Financial investigators who examined the Laundromat transactions at OCCRP’s request included a former officer from the banking unit of the Federal Security Service of the Russian Federation (FSB) and an investigator from the Ministry of Interior. They said that the money that passed through the Laundromat might have been inflated profits from state contracts.
“Russian procurement is based on inflated prices,” said the former FSB officer. “Since the system is corrupt, only a small fraction of the official price is spent on real goods or services for the state. The [excess] is siphoned to bogus companies in Russia and then wired to offshores through different platforms, like the Laundromat. This money is later divided among officials and suppliers.”
Dmitry Gorovtsov, a former member of the Russian State Duma and secretary of the working group which analyzed the collection of customs duties in 2013, told reporters at Novaya Gazeta that much of the stolen US$20.8 billion could be related to “gray import” schemes.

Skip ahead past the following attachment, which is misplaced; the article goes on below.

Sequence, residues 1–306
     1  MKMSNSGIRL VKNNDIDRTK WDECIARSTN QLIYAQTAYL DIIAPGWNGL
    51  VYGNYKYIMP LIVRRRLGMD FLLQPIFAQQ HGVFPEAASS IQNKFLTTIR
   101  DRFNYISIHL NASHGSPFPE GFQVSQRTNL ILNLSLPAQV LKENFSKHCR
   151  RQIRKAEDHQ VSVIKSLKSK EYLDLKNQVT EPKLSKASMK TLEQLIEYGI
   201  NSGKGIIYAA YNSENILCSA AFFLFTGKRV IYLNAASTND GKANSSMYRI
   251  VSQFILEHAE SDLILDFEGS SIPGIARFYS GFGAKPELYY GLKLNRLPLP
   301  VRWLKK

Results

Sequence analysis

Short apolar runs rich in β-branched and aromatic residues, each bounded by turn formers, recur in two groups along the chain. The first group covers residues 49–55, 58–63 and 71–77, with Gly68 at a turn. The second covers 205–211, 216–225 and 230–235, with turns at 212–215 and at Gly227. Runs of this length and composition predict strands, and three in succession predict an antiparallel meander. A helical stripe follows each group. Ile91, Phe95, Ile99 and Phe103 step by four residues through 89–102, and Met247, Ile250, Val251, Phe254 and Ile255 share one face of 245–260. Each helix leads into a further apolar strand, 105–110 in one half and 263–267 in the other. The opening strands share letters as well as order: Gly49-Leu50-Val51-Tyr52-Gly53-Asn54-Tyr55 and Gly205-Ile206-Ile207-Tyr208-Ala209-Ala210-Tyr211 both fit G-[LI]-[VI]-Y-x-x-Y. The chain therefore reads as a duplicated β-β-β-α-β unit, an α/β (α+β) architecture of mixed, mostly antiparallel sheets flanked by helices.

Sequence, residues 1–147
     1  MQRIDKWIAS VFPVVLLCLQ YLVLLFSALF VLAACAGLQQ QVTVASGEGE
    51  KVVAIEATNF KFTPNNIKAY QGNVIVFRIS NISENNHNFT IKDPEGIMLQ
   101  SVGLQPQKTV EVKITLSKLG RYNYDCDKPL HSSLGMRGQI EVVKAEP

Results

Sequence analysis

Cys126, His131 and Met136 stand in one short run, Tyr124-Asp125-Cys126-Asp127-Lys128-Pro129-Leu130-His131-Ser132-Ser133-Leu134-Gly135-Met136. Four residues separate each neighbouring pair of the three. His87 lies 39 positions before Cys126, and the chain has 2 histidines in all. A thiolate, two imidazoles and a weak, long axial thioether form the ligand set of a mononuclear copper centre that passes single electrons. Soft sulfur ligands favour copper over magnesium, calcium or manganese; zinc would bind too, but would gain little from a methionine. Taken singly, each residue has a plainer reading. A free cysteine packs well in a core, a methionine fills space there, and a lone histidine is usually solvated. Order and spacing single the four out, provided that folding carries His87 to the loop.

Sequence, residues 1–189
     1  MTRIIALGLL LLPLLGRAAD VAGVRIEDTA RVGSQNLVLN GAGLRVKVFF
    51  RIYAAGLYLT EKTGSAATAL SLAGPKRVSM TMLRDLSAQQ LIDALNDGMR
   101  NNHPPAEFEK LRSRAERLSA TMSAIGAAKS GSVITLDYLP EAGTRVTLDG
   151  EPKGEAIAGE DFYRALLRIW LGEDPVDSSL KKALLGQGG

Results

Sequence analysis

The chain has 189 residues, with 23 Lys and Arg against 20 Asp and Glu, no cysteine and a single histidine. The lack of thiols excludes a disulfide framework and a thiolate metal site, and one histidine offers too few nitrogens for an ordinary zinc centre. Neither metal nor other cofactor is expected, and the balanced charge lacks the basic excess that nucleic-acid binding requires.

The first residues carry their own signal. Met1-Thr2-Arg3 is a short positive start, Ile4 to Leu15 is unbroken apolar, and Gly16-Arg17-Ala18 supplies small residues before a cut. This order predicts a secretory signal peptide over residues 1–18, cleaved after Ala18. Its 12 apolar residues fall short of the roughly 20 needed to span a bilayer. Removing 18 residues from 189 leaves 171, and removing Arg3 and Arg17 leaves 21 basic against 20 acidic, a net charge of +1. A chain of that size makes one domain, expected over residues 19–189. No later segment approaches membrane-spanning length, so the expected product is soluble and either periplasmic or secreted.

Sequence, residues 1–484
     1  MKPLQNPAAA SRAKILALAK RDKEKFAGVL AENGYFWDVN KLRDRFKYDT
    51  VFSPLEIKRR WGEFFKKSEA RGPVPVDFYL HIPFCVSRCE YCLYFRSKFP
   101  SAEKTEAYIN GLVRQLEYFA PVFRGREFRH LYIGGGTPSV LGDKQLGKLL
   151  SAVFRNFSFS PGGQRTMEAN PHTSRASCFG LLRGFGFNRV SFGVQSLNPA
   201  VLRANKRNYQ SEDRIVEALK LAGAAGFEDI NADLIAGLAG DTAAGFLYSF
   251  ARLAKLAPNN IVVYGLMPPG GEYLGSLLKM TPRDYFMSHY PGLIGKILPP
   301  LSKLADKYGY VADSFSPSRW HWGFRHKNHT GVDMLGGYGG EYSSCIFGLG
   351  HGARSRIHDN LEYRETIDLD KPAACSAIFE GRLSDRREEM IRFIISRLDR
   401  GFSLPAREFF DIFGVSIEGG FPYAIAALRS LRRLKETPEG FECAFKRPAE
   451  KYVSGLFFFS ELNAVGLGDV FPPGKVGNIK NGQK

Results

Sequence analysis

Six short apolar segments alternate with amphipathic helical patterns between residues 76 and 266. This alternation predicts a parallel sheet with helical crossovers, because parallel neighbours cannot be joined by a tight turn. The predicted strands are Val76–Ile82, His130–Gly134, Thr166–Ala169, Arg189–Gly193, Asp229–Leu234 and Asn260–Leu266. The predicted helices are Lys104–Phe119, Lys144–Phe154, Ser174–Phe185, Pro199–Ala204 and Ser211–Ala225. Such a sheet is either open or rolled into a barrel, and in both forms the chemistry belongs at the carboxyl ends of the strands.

The working group, formed by Prime Minister Dmitry Medvedev and President Vladimir Putin, concluded that in 2013 alone the Russian budget lost around US$ 40 billion in customs duties from such schemes.
“These losses come from ‘gray import’ schemes, when goods are imported in Russia through a chain of bogus companies,” he said. “These companies don’t report their operations and carry out no genuine business.”
One Laundromat case seems to support this thesis. In 2013 a businessman from Moscow wanted to import children’s clothes from a United Kingdom (UK) firm called Hippychick. The clothes traveled directly from the UK to Russia. But the paper trail was much more complicated.
Officially, the clothes were paid for by a bogus company from Cyprus called Kedassia Ltd., which had an account in Latvia’s Trasta Komercbanka. Kedassia’s money came from still other companies from Belize and Cyprus, which also had accounts in Trasta Komercbanka.